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Guessing Bank, Woman’s Figure
by Sy Schreckinger – ANTIQUE TOY WORLD Magazine – May, 2007

     Seductive and audacious may aptly describe the pose of the woman seen in Figure 1. Referred to as "Guessing Bank, Woman's Figure", this very unique mechanical combines the image of a saloon dance hall girl with a clever game of chance.
     Created during the latter portion of the nineteenth century, "Guessing Bank, Woman's Figure" depicts one of the saloon girls of the "Wild West". These ladies were often recruited from farms or mills. They were lured by the prospect of high wages, easy work and fine clothing. Most were simply unable to earn a living in a time that offered few legitimate opportunities for women. The "saloon girls" were attired in brightly colored, scandalously short ruffled skirts, topped with revealing low-cut bodices. Their arms and shoulders often were bare. They wore high kid-leather boots adorned with bright buttons and tassels. These women would brighten the evenings of lonely farm hands and mine workers of western towns whilst encouraging purchase of drinks, gambling and participation in various games of chance.
     The design of "Guessing Bank, Woman's Figure" (Figure 1) was that of a game of chance, featuring the image of the aforementioned saloon girl. It offered the gambler an opportunity to quintuple his pocket change, as stated upon its facade, i.e. "PAYS FIVE FOR ONE, IF YOU CALL THE NUMBER".
     Although no information pertaining to "Guessing Bank, Woman's Figure" has surfaced, another strikingly similar mechanical, referred to as "Guessing Bank", is thought to provide relevant information. "Guessing Bank" (Figure 2) was designed by Edward J. McLoughlin of New York City and patented on May 22, 1877. The patent papers (Figure 3) indicate it as "a game of chance" and features the figure of a seated portly gentleman, with no reference to a provocatively garbed woman. Possibly, this may indicate Mr. McLoughlin believed the humorous male image would appeal to a larger, more conservative audience. Evidence appears to suggest that the inventor designed an alternative mechanical, replacing the gentleman's figure with that of a seductive female, possibly for usage in saloons as a counter top game of chance.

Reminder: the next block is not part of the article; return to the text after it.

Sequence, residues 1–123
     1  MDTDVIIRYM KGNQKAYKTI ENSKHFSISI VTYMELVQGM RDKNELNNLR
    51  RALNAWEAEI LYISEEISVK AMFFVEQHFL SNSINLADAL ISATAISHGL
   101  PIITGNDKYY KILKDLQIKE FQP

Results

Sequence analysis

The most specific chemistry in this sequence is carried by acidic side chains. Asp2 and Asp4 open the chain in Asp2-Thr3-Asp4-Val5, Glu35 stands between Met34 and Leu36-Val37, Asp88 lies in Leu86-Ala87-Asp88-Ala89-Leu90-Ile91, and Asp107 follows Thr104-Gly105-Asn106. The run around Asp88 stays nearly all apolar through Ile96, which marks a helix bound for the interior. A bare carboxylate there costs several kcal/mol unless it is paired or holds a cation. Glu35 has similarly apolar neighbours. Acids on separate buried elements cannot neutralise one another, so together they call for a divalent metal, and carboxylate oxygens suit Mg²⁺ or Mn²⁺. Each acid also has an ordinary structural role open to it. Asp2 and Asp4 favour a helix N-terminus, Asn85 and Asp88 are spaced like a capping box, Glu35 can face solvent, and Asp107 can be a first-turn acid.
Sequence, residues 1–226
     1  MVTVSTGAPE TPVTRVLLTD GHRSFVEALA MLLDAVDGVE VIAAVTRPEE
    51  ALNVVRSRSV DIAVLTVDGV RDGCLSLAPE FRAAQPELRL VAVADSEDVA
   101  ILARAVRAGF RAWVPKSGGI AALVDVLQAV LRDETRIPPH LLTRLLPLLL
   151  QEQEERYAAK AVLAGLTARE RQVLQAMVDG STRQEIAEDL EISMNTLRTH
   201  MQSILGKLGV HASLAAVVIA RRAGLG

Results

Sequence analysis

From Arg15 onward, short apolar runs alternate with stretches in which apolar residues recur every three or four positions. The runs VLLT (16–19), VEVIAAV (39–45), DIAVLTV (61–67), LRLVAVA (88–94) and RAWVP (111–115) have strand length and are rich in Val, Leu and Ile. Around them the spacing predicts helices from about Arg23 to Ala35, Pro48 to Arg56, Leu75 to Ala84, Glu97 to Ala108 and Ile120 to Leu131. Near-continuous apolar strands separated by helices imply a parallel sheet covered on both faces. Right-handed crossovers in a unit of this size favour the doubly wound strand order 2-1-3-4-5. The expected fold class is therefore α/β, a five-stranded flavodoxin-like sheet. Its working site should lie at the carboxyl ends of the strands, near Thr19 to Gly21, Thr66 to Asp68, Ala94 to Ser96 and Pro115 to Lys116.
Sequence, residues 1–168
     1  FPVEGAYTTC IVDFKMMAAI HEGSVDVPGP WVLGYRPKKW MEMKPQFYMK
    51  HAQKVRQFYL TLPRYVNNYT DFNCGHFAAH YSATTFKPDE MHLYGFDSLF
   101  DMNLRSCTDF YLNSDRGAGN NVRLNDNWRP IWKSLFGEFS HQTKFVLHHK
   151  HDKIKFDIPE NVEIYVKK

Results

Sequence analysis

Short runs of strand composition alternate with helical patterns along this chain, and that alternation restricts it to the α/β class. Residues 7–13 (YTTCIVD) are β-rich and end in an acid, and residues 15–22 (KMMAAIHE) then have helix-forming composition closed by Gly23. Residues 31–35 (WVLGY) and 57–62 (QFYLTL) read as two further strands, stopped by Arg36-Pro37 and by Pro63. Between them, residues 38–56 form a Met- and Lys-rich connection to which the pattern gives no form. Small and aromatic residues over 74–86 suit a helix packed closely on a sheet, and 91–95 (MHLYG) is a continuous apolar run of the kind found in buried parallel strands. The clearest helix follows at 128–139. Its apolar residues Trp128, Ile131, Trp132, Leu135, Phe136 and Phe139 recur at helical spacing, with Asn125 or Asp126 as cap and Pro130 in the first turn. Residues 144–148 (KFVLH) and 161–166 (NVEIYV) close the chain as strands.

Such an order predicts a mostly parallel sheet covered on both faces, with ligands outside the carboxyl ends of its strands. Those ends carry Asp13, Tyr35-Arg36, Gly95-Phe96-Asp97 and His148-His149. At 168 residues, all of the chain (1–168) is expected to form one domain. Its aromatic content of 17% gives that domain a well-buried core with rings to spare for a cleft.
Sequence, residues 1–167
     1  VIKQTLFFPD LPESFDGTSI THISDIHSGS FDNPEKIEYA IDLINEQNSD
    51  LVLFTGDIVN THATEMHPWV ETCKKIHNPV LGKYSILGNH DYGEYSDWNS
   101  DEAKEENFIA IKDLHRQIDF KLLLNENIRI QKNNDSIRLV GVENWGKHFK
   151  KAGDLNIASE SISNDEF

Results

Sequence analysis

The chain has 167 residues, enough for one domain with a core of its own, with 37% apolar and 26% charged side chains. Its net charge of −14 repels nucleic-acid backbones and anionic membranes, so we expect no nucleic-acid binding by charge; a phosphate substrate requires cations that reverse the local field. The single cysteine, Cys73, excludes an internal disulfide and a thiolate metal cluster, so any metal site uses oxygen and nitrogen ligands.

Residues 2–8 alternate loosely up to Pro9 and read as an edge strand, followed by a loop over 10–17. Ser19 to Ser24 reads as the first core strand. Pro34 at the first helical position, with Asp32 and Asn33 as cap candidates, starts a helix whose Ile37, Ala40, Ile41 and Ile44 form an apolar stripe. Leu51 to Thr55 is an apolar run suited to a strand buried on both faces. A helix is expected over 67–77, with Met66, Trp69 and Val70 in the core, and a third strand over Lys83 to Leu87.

"Guessing Bank, Woman's Figure" is composed of a copper coated, spelter-type alloy. Its box-shaped, money drawer is of cast iron. Both "Guessing" banks (Figures 1 and 2) display identical wordage on their facades: 'GUESSING BANK, PAYS FIVE FOR ONE, IF YOU CALL THE NUMBER'. In addition, both operate identically: a coin is placed into the provided slot atop the bank. As it descends, it strikes an internal "winged wheel". This causes the "index pointer on the front of the bank to rotate". As the pointer revolves it engages small pins positioned around the dial. Ultimately, these pins will stop the pointer at a particular number. If the operator of the bank has "called the correct number" prior to coin insertion, he is entitled to receive five times the amount deposited. Coin removal is achieved by unlocking a small padlock at the rear of the cast iron base. This releases an internal rod, which allows the front money drawer to be opened.
     "Guessing Bank, Woman's Figure" is extremely rare. Only one example is known to exist, this residing in the Kidd Toy Museum located in Portland, Oregon.
     To my knowledge, there have been no attempts to reproduce "Guessing Bank, Woman's Figure". Nonetheless, I am including a base diagram (Figure 4) of the example seen in Figure 1 to indicate size and scale. If a recast was attempted, it would appear approximately one-quarter inch shorter O.D. than indicated.
     Acknowledgement: the superb example "Guessing Bank", Figure 2, is in the collection of Bob Weiss.

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